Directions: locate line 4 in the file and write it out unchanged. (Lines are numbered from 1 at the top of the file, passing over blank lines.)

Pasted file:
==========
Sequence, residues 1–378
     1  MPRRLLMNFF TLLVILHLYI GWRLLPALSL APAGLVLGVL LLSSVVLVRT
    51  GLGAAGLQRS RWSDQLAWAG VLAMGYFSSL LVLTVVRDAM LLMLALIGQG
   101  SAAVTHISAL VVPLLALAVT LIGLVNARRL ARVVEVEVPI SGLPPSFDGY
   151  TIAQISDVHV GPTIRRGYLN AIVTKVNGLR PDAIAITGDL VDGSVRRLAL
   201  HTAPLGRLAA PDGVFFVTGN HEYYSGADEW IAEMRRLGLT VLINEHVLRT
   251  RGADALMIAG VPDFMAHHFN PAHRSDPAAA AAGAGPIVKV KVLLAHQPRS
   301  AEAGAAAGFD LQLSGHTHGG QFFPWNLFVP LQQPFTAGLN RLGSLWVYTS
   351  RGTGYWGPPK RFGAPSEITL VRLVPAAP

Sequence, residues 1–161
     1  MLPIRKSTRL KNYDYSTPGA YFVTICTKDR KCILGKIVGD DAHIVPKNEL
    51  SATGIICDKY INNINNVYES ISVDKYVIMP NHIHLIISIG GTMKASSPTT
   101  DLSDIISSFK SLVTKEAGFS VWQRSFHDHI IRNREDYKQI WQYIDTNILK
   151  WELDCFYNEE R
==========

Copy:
   101  SAAVTHISAL VVPLLALAVT LIGLVNARRL ARVVEVEVPI SGLPPSFDGY